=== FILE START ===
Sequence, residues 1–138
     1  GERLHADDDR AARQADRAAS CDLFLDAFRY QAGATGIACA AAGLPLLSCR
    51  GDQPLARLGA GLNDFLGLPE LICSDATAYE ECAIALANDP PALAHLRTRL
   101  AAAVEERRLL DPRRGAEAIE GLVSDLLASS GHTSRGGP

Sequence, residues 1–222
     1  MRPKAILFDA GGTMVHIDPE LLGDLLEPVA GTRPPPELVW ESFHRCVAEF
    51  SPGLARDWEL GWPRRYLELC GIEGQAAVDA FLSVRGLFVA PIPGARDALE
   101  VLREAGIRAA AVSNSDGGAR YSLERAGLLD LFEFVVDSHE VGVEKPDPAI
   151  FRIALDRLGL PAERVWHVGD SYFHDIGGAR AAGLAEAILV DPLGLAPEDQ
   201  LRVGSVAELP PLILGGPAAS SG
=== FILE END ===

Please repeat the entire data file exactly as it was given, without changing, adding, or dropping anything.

Sequence, residues 1–138
     1  GERLHADDDR AARQADRAAS CDLFLDAFRY QAGATGIACA AAGLPLLSCR
    51  GDQPLARLGA GLNDFLGLPE LICSDATAYE ECAIALANDP PALAHLRTRL
   101  AAAVEERRLL DPRRGAEAIE GLVSDLLASS GHTSRGGP

Sequence, residues 1–222
     1  MRPKAILFDA GGTMVHIDPE LLGDLLEPVA GTRPPPELVW ESFHRCVAEF
    51  SPGLARDWEL GWPRRYLELC GIEGQAAVDA FLSVRGLFVA PIPGARDALE
   101  VLREAGIRAA AVSNSDGGAR YSLERAGLLD LFEFVVDSHE VGVEKPDPAI
   151  FRIALDRLGL PAERVWHVGD SYFHDIGGAR AAGLAEAILV DPLGLAPEDQ
   201  LRVGSVAELP PLILGGPAAS SG